The Wildlife and Habitat Management course is a six-week outdoor skills programme available in Gloucester, Cheltenham, Tewkesbury, Bourton-on-the-Water, Cirencester and the Forest of Dean. The programme is designed for long-term unemployed people and for those who feel marginalised due to learning difficulties, contact with the criminal justice system, social isolation or mental health issues.
Brighter Futures delivers significant improvements in wellbeing, transferable skills, motivation and employability while building lasting social networks between people who otherwise would not have met. Find out more on our Health and Wellbeing webpage, and watch a short film about a recent course to see the impact that the programme can have.
Find out more and sign up for a course here.
Brighter Futures is being funded by the Gloucestershire Police and Crime Commissioner Fund, Gloucester City Homes, Santander Foundation, the Langdale Trust, the Winstones Charitable Trust, the D'Oyly Carte Charitable Trust, Thames Water Community Fund, Gloucestershire High Sheriffs' Fund, The Rowlands Trust, the Rotary in Gloucester and the Statham Family Charitable Trust.
Wild for Nature
Our Wild for Nature project is a new nationally-innovative project which aims to help women with multiple and complex needs, whose disadvantage means that accessing nature is difficult. This new approach uses the restorative benefits of helping wildlife to support people create a better future for themselves and their families through creative contact with wild places. We will run a series of fully funded 6 day courses to connect people to their local countryside. The courses will improve their wellbeing and relationships and help them to access other support and courses, including volunteering opportunities with us and other local organisations.
Our Bright Future
Since 2016, we've been leading a project with young people in urban areas of Gloucestershire. Through Our Bright Future, participants work together to improve green spaces in social housing areas learning new skills such as how to build bird boxes. The improvements made to the local area benefit residents, visitors and wildlife.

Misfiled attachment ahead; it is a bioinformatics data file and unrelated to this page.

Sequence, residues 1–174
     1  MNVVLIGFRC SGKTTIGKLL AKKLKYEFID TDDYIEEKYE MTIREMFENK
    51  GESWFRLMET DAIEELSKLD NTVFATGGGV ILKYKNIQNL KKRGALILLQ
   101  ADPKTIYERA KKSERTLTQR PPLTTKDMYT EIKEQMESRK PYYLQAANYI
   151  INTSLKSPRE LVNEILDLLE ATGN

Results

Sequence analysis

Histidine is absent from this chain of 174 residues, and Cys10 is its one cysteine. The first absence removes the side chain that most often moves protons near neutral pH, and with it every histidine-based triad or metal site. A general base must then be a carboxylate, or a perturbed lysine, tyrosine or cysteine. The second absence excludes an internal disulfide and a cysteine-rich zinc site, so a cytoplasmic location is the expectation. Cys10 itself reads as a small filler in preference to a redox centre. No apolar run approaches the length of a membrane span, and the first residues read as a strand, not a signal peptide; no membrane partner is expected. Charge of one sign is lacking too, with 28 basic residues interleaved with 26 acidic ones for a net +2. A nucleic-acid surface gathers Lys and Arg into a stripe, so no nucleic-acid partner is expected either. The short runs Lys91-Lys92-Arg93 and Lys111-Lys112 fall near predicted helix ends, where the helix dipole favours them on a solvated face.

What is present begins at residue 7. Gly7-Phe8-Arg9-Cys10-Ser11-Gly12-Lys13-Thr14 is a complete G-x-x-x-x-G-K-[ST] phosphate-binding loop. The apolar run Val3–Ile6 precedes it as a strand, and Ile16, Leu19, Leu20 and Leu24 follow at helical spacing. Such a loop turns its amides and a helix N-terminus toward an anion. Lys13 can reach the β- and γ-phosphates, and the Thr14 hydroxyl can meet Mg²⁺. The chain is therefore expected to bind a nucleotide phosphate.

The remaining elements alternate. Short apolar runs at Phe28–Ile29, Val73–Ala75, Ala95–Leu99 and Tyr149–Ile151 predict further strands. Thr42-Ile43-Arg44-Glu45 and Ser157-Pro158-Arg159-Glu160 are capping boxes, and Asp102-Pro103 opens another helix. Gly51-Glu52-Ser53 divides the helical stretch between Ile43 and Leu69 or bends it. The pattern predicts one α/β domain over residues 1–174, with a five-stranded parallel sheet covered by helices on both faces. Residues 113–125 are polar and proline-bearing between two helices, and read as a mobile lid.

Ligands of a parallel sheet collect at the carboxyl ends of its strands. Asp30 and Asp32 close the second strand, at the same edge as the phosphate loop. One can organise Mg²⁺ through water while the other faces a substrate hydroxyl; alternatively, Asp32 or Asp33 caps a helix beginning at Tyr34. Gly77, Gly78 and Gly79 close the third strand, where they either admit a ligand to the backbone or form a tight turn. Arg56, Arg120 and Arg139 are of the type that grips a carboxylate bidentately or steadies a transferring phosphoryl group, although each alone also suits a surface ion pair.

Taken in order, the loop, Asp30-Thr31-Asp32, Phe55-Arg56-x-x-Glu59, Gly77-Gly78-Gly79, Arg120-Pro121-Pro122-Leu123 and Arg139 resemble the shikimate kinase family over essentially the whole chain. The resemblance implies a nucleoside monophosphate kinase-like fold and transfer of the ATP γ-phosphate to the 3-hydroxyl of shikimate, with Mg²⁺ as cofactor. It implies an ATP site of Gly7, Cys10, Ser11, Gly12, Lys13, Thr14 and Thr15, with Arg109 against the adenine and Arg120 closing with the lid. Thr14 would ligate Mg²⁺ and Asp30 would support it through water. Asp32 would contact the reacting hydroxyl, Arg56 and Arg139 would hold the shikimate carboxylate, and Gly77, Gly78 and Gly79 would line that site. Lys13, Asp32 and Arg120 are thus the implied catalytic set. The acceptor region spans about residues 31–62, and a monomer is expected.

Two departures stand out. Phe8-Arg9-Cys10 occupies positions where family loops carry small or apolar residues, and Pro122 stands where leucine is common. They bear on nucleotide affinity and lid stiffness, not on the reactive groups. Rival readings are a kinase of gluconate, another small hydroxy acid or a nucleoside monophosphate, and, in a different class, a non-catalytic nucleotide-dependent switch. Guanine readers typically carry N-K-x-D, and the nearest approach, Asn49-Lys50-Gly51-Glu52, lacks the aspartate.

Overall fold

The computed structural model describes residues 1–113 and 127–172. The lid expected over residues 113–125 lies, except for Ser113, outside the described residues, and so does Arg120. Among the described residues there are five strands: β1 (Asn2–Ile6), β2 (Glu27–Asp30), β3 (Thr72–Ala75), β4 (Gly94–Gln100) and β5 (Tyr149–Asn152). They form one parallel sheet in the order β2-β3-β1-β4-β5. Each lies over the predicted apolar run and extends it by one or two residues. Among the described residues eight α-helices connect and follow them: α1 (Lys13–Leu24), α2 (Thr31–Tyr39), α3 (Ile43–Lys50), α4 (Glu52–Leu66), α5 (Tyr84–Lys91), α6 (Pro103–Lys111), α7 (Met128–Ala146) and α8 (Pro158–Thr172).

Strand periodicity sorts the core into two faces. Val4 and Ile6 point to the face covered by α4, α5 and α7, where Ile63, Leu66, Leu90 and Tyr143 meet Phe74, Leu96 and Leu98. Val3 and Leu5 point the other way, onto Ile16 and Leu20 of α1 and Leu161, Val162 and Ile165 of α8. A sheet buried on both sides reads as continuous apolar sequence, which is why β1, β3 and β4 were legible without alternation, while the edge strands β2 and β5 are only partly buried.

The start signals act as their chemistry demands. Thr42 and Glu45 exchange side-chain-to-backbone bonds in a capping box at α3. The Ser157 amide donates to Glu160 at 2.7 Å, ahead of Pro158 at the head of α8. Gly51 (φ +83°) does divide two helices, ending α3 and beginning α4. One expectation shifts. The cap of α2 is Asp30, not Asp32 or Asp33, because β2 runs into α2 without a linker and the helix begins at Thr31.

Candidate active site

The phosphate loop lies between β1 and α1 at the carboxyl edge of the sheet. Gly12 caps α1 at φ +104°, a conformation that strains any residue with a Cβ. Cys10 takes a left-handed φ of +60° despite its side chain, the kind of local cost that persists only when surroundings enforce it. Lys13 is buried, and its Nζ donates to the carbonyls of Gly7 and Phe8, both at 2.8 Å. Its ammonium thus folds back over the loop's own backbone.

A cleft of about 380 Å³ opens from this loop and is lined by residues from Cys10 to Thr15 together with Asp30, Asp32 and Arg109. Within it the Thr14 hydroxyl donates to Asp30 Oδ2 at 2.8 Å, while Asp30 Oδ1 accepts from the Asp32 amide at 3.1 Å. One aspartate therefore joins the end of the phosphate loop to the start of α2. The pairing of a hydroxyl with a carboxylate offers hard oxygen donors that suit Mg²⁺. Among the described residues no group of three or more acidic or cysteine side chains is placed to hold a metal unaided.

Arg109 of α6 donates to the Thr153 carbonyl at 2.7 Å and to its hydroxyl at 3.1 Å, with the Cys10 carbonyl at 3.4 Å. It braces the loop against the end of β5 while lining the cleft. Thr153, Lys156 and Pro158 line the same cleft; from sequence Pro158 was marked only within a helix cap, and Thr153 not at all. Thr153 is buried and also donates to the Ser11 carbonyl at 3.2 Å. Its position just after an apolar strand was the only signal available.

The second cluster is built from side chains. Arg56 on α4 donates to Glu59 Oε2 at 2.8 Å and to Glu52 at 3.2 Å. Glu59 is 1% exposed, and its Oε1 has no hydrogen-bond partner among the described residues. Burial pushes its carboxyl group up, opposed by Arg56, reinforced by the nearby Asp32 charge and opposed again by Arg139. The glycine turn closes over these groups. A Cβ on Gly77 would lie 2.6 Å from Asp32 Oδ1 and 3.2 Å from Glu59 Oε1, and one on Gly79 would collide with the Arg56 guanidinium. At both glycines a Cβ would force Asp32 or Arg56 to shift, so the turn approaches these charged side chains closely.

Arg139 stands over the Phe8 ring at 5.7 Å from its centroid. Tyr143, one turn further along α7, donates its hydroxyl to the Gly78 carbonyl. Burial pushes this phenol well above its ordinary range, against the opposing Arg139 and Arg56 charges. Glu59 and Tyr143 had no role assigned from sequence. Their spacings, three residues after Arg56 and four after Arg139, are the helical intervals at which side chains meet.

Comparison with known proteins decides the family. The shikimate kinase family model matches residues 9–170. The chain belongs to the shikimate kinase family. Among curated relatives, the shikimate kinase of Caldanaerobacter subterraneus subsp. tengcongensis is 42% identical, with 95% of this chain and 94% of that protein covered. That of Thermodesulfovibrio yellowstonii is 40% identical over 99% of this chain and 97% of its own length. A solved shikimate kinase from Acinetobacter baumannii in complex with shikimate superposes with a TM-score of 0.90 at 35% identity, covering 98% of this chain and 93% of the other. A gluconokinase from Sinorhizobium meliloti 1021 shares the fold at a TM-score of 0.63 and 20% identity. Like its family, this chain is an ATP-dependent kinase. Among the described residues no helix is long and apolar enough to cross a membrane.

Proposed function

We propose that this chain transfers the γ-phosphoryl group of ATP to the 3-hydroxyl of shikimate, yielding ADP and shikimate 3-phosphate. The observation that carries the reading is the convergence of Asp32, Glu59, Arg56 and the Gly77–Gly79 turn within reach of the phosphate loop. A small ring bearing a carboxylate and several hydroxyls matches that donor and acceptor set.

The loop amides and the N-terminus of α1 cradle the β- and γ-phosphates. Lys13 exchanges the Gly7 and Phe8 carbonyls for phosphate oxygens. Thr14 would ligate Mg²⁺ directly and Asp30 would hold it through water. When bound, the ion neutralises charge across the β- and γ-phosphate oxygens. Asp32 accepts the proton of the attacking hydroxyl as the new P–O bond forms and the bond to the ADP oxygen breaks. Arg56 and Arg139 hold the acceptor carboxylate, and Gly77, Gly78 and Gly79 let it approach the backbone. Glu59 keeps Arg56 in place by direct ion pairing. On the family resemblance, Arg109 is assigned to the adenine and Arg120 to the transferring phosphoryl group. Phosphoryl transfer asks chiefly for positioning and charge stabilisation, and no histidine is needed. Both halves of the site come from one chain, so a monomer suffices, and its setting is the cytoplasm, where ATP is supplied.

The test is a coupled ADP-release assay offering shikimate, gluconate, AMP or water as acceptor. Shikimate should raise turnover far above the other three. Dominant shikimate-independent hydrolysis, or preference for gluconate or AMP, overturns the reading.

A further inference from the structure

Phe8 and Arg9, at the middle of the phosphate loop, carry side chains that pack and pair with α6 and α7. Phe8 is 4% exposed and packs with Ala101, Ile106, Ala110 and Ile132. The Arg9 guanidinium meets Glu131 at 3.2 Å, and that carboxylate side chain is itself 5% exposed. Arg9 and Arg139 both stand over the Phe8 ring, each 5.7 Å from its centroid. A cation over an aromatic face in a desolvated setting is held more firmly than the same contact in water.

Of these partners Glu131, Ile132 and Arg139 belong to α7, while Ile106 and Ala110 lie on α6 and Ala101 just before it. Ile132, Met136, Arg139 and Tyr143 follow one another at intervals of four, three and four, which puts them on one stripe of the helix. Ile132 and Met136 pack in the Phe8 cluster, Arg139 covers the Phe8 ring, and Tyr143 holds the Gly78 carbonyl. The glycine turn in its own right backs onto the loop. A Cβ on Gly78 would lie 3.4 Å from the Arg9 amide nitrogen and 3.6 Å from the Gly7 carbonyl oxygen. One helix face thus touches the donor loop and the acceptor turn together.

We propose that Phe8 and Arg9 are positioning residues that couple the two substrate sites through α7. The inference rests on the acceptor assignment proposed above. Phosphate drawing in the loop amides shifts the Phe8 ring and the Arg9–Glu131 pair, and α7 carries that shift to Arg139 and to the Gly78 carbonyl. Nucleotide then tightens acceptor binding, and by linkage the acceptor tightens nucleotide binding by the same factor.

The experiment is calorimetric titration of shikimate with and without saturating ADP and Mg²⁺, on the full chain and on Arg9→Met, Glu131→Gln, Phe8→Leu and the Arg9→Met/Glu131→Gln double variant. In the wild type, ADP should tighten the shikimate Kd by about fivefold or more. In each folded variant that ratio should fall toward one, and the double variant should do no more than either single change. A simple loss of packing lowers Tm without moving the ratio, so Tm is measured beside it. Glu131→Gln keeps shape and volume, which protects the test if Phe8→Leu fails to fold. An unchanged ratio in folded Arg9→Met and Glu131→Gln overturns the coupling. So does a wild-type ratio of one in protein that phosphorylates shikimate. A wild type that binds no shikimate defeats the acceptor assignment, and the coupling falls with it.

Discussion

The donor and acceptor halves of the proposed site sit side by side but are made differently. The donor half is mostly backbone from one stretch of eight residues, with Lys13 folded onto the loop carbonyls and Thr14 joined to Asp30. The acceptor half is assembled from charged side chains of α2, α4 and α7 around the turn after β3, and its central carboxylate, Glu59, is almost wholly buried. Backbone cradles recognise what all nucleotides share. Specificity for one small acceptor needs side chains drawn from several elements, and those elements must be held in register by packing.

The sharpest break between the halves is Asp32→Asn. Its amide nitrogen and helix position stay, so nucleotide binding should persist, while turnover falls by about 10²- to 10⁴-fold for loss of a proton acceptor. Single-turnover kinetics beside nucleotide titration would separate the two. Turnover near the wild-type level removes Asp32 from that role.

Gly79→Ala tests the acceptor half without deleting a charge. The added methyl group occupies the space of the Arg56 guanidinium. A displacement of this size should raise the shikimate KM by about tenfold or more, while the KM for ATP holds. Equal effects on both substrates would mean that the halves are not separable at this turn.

Young people from all walks of life participate in the project, which creates an excellent platform to improve social skills and build better social understanding. Teamwork is a key element in all of our sessions as we are keen to develop transferrable personal skills as well as practical skills – all of which give young people experience, improve their confidence and help them to prepare for paid employment.
Pupils from a wide range of schools and colleges are involved, including from five secondary schools (All Saints Academy, Bettridge School, Tewkesbury School, Barnwood Park Arts College and Beaufort Cooperative Academy), Gloucestershire College and Llanthony Secunda Priory.
Going the Extra Mile
Gloucestershire Wildlife Trust is part of the Going the Extra Mile (GEM) Project that aims to engage with and support individuals in Gloucestershire who are currently dealing with circumstances that are potentially causing barriers to work and move these people closer towards education, training, volunteering or work, including self-employment. The GEM Project aims to engage with 1,100 people over the next three years until December 2019. This programme is a unique partnership of community based organisations, managed by Gloucestershire Gateway Trust on behalf of Gloucestershire County Council.
The GEM Project is jointly funded by the Big Lottery Fund and the European Social Fund.